Now this was the assignment I had asked my students to do on the day that they became Fascist.  They needed to blame someone.  We were outlining the steps it took for Germany to become Nazi using our country, Manneslovokia.  I pinned my classroom against the other 9th grade classes and for four days we were a different type of German government leading to Naziism.  This sounds bad, but I needed my students to desperately understand why people put up with this behavior, what mob mentality is, and how ruling by fear dictates the action of millions of people.  It’s a complicated history and a complicated assignment for understanding, comprehension, and empathy.

Mary Jemison Grave Site / NY

My student who hunched over at the front of my classroom, calling me out as a white woman who pushed her views on those around her was speaking from the truth and from the lies.  I teach in a county full of displaced First Nation people.  I call them displaced because the Native American people of this region have not been given full First Nation rights like other tribes.  They are a mixed blend of the Six Nations and therefore can’t be determined to be “full blood.”  It’s another complicated story of history and blood lines and governments denial and stance.  For this purpose, I teach to a crowd of people who are born broken.  If you are displaced, if you are unsure of your real home, if you aren’t granted access into the rights of your people, or you aren’t granted a place to practice your true beliefs as been passed down than you have to born broken, born with a limp wing.

My school does a lot to heal that heartbreak.  We have “Indian Education” and performances by the local tribe for all of the student population so that they can understand the stories, dances, songs, instruments, and ideas of the tribal people living in their neighborhood.  It’s actually one of the most entertaining and inviting shows at school.  It is my job as an educator to know my student’s homes.  I may not have ever traveled down the dirt road where their parents keep a home, one lone tire swing and a broken screen door, but I’ve heard their stories even when not directly told to me.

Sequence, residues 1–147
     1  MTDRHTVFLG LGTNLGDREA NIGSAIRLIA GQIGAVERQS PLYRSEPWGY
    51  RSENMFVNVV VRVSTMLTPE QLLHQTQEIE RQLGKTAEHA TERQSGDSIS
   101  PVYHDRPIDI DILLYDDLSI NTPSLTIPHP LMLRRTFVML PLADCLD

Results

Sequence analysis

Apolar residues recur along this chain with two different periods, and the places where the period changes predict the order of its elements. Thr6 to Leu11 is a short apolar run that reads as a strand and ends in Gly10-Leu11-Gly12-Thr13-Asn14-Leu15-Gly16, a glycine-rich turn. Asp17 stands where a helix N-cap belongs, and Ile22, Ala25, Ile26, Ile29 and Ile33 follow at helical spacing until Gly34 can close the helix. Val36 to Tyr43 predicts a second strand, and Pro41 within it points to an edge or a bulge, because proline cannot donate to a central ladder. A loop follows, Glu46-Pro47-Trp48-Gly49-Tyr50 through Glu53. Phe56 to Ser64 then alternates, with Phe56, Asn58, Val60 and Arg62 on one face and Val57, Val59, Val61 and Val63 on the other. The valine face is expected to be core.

Taking of Mary Jemison by Robert Griffing

I once called home to a student’s father and he cried at the news that his daughter was amazing and I was giving her an award for being an overall wonderful student.  He cried to me on the phone saying he had never heard a teacher’s voice, let alone praise for his only daughter, who happened to be the first redheaded Native American girl that I had ever met.  She looked like me, freckled and unpolished.  That’s what I try to teach my students, it isn’t what we look like, but who we are on the inside, these stories we keep folded into the space between our fingers that teach us about others and about ourselves.

Because I teach that beautiful redhead and many other First Nation students, I like to read a lot of Native American literature.  I read it for my own education and for the education of my students.  I tend to mow-down young adult First Nation literature the most because I know when I ask my students to take a book from the classroom shelf that they will see a story about themselves in the binding.  Now, I’m not talking about Sherman Alexie and Louise Erdrich although they’re both GREAT AUTHORS.  I’m talking true accounts, or accounts that have been fictionalized from true knowledge, accounts that feel true, not true to the white person who as my students put it “aren’t about that life,” but accounts from the mouths of Native people themselves.

The White by Deborah Lawson